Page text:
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The characterisation of InGaN/GaN quantum well light emitting diodes

Pope, Iestyn ORCID: 2004. The characterisation of InGaN/GaN quantum well light emitting diodes. PhD Thesis, Cardiff University.

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By focussing on the properties of InGaN/GaN quantum well (QW) LEDs the key physical processes relevant to all InGaN/GaN light emitters are studied. These include the strength of the piezoelectric field, the important current pathways and the effect doping densities and anneal temperatures have on device performance. Photocurrent absorption spectra, of 35A Ino.1Gao.9N QW LEDs, were measured for a range of reverse bias. A bias of 8.5 V was necessary to counteract the affect of the internal piezoelectric field. Using this value and an appropriate approximation for the depletion width of a p-z'-n junction the calculated piezoelectric field was (1.9 0.15) MVcm"1, in good agreement with 1.8 MVcm"1 calculated using piezoelectric constants interpolated from the binaries. The absorption spectra of 26A wide Ino.i6Gao.84N QW LEDs exhibit a band tail extending to low photon energies whereas emission occurs from the low energy side of this band tail, suggesting emission occurs from localised potential minima. Light-current (LI) characteristics, measured as a function of temperature, are sublinear and exhibit a distinctive temperature dependence. These characteristics are explained in terms of drift leakage which is exacerbated due to the large acceptor activation energy in Mg doped GaN. The data was simulated using a drift diffusion model and good agreement between experimental and simulated results is obtained providing the model includes the band tailing. Emission and absorption spectra and LI characteristics were measured for 25A Ino.1Gao.9N/GaN QW LEDs subject to four different anneal temperatures of 700, 750, 850 and 900°C. Using a drift diffusion model, incorporating different acceptor concentrations to simulate the effect of different anneal temperatures, good agreement was achieved between the trends seen in the experimental results and those produced by the simulations. This confirms the important roles drift leakage and thermal annealing have on these devices.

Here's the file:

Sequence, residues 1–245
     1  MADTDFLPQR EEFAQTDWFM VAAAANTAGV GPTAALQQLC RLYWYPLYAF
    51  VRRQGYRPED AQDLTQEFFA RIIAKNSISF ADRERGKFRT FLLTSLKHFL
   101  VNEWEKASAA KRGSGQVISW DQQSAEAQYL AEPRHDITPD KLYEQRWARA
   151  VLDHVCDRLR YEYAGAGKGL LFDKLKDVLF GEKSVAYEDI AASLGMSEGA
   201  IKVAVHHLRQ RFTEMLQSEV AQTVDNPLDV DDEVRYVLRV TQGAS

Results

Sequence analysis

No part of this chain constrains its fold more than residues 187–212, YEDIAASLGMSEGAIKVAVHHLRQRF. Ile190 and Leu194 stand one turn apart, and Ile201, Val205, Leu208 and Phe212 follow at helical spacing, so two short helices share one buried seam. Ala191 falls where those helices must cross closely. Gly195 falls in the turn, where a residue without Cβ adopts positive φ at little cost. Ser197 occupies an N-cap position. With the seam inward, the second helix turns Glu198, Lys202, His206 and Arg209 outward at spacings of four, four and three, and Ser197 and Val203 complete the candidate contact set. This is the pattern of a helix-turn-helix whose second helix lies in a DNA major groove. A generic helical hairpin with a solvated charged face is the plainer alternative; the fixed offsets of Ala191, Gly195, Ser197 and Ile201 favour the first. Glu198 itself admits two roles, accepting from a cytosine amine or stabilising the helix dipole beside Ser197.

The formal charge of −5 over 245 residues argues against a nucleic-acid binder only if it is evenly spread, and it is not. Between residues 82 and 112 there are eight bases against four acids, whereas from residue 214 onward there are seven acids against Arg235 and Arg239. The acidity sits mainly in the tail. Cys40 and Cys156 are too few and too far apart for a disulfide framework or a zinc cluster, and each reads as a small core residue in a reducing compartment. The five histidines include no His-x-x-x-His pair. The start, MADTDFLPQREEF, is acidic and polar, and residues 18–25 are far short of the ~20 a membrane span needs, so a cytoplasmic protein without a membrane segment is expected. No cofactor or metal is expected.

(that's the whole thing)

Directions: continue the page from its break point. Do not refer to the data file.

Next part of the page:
Item Type: Thesis (PhD)
Status: Unpublished
Schools: Physics and Astronomy
ISBN: 9781303200250
Date of First Compliant Deposit: 30 March 2016
Last Modified: 04 Dec 2023 13:11

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